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NASA Highlights: Astronomical Photos of the Week (01/08 to 01/14/2022)

This week's astronomical images, gathered on the Astronomy Picture of the Day (APOD) website, are quite varied. Nebula enthusiasts will marvel at an incredible record of the Spaghetti Nebula, and also check out the Flame and Horsehead nebulae, accompanied by stars from the constellation Orion.

Another object that appears in this week's compilation is Comet Leonard, captured on video by a probe that studies the Sun and by an observatory in Australia. And of course you find beautiful images of other objects, always accompanied by curiosities about them.

Saturday (08) — The first meteor shower of 2022

Quadrantid meteor shower recorded in Inner Mongolia, China (Image: Reproduction/Cheng Luo)

The bright contrails shown in this photo come from the Quadrantid meteor shower. Most meteor showers are named after the constellations they appear to come from, but in this case there is a slight difference: the constellation Quadrans Muralis, which inspired the phenomenon's name, is no longer recognized.

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So, as Quadrans Muralis is an obsolete constellation, today we say that the Quadrantids have radiant (the path from which meteors appear to come) close to the constellation Ursa Major.

The Quadrantid rain is the first that occurs in the year, with the peak of 2022 happening in the early evening of January 3rd. The photo was taken the next day and, in addition to showing the meteors, it also captured the radio telescopes of the Chinese Spectral Radioheliograph in China.

  • What is meteor shower? Understand how the phenomenon happens!

Sunday (09) — Jupiter through Hubble's "eyes"

Photo of Jupiter taken in 2016 (Image: Reproduction/NASA, ESA, Hubble, OPAL Program, STScI; Processing: Karol Masztalerz)

Jupiter is home to the Great Red Spot (GMV), the largest and longest-lasting storm in the Solar System. To give you an idea, GMV is over 40,000 km long, which makes it big enough to easily "swallow" several Earth-sized planets. However, the stain appears to be diminishing.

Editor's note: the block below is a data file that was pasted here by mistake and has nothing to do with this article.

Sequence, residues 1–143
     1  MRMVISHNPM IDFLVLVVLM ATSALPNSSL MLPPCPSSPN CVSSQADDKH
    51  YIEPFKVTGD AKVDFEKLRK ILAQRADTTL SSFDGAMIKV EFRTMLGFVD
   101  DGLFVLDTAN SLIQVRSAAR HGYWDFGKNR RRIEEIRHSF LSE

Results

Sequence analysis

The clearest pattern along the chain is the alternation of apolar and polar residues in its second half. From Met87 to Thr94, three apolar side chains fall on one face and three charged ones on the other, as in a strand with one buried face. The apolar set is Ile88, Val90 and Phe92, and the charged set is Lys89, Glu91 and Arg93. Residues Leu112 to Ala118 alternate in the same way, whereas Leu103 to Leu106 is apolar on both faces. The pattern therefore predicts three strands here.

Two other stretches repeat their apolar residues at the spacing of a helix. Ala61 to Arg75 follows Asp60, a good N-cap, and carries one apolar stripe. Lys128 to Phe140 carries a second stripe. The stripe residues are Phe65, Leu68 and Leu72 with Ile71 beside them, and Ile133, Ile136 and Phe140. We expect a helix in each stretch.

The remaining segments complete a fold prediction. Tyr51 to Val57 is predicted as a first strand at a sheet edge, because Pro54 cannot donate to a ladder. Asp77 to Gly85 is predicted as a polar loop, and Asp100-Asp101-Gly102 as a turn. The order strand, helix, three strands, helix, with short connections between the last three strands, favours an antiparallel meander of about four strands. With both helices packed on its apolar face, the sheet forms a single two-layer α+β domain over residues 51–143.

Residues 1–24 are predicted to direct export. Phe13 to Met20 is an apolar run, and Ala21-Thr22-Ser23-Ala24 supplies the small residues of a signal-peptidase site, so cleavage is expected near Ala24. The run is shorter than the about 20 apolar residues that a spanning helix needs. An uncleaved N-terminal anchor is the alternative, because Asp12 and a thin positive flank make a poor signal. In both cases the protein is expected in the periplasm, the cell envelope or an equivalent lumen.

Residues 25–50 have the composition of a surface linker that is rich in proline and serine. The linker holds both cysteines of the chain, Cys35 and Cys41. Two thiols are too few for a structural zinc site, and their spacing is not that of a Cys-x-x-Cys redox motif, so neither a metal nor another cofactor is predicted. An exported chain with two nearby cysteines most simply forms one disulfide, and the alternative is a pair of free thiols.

Comparisons with historical records show that the storm today has about 30% of the exposed surface area it did 150 years ago. So, to track these changes in GMV, NASA has been carrying out monitoring through the Outer Planets Atmospheres Legacy (OPAL) program with the Hubble telescope, which yielded the image above.

The record was made in 2016 and was digitally processed to make the red tones even more vibrant. Data today shows that the storm continues to shrink its surface area, but appears to be growing in a vertical direction. If it continues to shrink, it is possible that one day it will disappear completely.

  • Jupiter's Great Red Spot Is Even Deeper Than Thought

Monday (10) — Comet Leonard

You must have seen amazing pictures of Comet Leonard in December when it came close to Earth. Now, you can see it traveling through space, as recorded by NASA's Solar Terrestrial Relations Observatory-Ahead (STEREO-A) observatory.

This spacecraft orbits the Sun at an Earth-like distance from the star, as part of the STEREO mission, which relies on twin spacecraft (the STEREO A and B) to investigate the structure and evolution of solar storms. Only A remains active.

STEREO-A had been tracking the comet since November last year and produced this incredible video from footage taken on December 14th. The sequence shows some interesting features: notice the comet's sharp increase in brightness, along with an apparent increase in gas production, which forms its large ion tail.

Since the video images were taken, Comet Leonard has continued to travel towards the Sun, with the closest approach between the object and our star occurring between the orbits of Mercury and Venus. The comet did not break up and is now heading out of the Solar System.

  • See Comet Leonard through the “eyes” of probes studying the Sun